INTERESTING SIDE NOTE 1: When the Bell System faced competition in the telecommunications industry in 1981 due in large part to deregulation, the nationwide pricing policy for payphones rose to a quarter per call.

INTERESTING SIDE SIDE NOTE 1: Back when payphones (then known as phone booths) finally became popular in general, those payphone calls cost two cents.  In the early 1930s, new shoes called loafers (or Weeguns, depending on where a person lived in the US) were the rage and there was just enough space in each shoe for a penny to fit snugly but not uncomfortably. People wearing loafers began keeping a penny in each shoe should the need arise to make an emergency phone call, and in time, this is how the pennyloafer got its name.

INTERESTING SIDE SIDE NOTE 2: American inventor William Gray was granted a patent on 13 August 1889 for his device that allowed people to deposit coins so they could place a telephone call. Soon afterwards, he established the Gray Telephone Pay Station Company but the concept didn’t catch on quite as quickly as he had hoped.

By 1911, however, in collaboration with Western Electric (which was AT&T’s manufacturing division), the updated payphone was being installed in cities across America, and anywhere it was likely someone would want or need to place a phone call.

Getting back to the matter at hand, hard-boiled detective stories by authors such as Raymond Chandler (23 July 1888 – 26 March 1959) and Frank Morrison ‘Mickey’ Spillane (9 March 1918 – 17 July 2006) started to include the idiom in their stories to refer to a snitch (a police informant) and even though the cost of phone calls kept increasing over the decades to a quarter then two quarters than a dollar (payphones in Canada accepted dollar coins known as loonies), the meaning attributed to dropping a dime never changed.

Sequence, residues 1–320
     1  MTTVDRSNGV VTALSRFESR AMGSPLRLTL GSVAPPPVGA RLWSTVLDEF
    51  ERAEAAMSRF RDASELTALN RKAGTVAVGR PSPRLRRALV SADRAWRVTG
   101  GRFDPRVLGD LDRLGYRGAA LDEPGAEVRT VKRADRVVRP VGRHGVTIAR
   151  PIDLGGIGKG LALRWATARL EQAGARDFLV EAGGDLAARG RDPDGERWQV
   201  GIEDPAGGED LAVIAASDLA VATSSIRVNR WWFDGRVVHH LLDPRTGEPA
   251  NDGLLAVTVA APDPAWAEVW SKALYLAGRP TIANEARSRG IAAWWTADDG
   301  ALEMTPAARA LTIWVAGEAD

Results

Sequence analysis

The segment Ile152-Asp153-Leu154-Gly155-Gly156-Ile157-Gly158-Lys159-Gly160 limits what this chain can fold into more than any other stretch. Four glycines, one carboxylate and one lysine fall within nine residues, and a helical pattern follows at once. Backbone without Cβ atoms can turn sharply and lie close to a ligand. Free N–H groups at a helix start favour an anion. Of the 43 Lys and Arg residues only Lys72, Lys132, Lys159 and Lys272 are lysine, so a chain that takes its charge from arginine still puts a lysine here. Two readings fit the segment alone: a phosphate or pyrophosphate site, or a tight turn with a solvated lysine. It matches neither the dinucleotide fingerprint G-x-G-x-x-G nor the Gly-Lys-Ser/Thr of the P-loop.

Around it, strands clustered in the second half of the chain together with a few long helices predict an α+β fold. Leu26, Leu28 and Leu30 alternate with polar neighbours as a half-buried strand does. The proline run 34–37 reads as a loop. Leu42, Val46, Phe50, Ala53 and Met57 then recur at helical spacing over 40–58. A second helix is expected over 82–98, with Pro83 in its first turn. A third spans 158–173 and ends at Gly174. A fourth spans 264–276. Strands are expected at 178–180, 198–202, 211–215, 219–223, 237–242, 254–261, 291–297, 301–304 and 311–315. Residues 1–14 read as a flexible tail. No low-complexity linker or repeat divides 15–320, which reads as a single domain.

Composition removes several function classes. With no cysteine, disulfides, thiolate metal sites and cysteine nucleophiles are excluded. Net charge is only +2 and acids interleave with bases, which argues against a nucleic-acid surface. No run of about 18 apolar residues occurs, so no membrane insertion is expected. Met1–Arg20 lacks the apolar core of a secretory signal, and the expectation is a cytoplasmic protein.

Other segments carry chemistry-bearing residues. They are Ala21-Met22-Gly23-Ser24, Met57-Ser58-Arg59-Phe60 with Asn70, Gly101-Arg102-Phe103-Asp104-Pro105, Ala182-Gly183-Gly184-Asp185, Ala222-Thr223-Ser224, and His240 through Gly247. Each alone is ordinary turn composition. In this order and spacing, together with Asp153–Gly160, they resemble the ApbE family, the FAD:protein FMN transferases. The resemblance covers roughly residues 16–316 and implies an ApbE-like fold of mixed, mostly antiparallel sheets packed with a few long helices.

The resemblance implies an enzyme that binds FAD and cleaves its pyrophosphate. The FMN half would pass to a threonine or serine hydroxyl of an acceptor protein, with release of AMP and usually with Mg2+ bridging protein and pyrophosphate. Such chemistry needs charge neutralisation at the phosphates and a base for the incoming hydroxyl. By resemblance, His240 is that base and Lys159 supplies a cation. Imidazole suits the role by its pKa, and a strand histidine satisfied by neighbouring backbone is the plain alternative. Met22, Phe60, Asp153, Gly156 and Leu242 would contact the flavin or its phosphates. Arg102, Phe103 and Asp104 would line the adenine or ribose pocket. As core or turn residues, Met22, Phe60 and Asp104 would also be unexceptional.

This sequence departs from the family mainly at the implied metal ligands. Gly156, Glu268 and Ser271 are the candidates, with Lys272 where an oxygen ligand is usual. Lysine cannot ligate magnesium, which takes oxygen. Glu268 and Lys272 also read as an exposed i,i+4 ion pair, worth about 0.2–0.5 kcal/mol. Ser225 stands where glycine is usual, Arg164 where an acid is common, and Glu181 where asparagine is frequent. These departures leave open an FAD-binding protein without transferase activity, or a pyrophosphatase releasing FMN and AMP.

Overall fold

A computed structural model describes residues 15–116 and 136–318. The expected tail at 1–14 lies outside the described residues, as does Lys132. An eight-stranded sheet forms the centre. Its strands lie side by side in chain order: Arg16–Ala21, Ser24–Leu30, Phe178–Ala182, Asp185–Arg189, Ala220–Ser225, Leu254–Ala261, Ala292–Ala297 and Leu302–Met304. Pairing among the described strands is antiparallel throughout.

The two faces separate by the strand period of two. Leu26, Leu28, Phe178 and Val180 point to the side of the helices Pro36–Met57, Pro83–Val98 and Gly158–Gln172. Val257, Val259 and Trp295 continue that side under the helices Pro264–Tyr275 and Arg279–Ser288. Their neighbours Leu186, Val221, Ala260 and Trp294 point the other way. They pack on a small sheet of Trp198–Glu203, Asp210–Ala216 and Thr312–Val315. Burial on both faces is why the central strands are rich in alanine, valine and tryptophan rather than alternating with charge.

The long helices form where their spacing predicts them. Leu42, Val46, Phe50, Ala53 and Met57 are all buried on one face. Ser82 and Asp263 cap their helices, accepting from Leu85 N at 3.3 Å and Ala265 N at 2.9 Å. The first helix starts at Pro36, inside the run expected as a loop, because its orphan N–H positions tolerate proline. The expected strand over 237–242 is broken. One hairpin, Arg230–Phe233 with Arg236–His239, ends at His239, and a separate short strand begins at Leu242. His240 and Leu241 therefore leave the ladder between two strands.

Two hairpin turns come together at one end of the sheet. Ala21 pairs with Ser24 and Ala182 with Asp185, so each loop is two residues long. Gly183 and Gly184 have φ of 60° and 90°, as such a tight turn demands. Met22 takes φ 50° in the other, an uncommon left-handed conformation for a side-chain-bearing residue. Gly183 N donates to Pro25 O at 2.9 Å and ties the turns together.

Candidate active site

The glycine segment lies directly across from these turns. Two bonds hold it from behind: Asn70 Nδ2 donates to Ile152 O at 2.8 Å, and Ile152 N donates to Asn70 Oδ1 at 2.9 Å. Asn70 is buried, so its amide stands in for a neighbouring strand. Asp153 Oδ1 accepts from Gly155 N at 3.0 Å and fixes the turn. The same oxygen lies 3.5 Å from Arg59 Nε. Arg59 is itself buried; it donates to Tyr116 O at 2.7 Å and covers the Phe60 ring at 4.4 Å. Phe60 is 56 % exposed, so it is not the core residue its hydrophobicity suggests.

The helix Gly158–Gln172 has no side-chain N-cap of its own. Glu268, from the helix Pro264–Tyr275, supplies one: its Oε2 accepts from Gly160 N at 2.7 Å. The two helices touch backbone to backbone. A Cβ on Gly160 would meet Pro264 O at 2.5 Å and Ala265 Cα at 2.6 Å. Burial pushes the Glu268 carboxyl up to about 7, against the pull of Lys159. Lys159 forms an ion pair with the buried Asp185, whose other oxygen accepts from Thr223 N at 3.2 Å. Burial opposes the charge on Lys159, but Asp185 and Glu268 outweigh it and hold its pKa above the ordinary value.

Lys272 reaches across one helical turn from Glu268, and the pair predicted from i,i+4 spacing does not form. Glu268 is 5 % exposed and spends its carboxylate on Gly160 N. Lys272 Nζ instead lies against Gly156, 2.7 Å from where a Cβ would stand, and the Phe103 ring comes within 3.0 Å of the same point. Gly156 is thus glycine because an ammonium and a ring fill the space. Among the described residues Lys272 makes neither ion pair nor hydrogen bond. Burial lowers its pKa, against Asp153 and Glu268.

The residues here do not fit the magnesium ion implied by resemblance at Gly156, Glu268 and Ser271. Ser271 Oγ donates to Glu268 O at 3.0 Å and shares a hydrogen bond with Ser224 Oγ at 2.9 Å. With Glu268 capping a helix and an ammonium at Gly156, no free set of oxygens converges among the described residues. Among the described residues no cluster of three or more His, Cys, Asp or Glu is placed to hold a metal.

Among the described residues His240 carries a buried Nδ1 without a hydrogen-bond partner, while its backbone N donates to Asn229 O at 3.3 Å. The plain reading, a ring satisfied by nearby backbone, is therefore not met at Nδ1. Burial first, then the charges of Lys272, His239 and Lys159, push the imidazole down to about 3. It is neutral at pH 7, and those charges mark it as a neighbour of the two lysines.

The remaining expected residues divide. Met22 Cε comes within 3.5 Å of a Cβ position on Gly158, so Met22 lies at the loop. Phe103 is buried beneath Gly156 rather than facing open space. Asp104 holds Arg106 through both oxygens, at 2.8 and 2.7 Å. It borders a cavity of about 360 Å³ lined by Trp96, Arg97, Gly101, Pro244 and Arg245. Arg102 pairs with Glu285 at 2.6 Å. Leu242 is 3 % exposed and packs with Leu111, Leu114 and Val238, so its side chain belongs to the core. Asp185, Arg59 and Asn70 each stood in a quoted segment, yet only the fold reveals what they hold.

INTERESTING SIDE NOTE 2: Many of the future well-known authors of detective stories who wrote detective stories in the 1930s and 1940s regularly saw their stories published in the detective pulp fiction magazine “Dime Detective” whose first issue was published in November 1931. The last issue was published in August 1953. The magazine enjoyed a run of 274 issues published. There were British reprints under the name of “Red Dime Detective” and “Yankee Detective Fiction.”

INTERESTING SIDE SIDE NOTE 3: The first dime-novel detective appeared in a story published in 1872 in “The Fireside Companion” story paper and written by American author and medical doctor, Harry Enton (1854 – 28 March 1927).  A year later, a new ten-cent format that was 9 inches by 13 inches, with only 32 pages and a black-and-white illustration, was launched, and these were referred to as ‘weekly libraries.’ Of all the titles available, it was the “New York Detective Library” by Frank Tousey (24 May 1853 – 7 September 1902) that was among the most successful titles.

INTERESTING SIDE SIDE NOTE 4: At the time, the English equivalent of the dime novel was the shilling shocker or the penny dreadful.

 

In light of the dime detectives of the late 19th and early 20th centuries, it’s easy to see how the connection between detectives, law enforcement, payphones and dimes came together. Because Idiomation was unable to find an earlier reference to dropping a dime than the detectives stories of the 1950s — even with a great deal of earlier dime and detective history leading up to the 1950s — the idiom to drop a dime is pegged to 1951  — the cost of an anonymous payphone call to the police was a dime in major cities across America, and people were apt to assist the police with a little unexpected extra information on a possible crime or criminal.

As an added suggestion, Idiomation reminds readers that the expression to drop a dime should not be confused with to drop a penny which, of course, means something completely different, and that will be a future idiom that will be published here at some point. Idiomation should probably also research where and when the expression dime store hood as well.

Posted in Idioms from the 20th Century | Tagged: , , , , , , , , , , , , , , , , , , , , , , , , , , , | 1 Comment »

Send Shivers Down My Spine

Posted by Admin on February 11, 2011

When something sends shivers down your spine, it could be a good thing or it could be a bad thing depending on the circumstances. 

On July 21, 1961, Sylvia Porter of the Gadsden Times in Gardsden (AL) wrote an article entitled “Fiscal Agencies Get Praise” for the Your Money’s Worth column.  It read in part: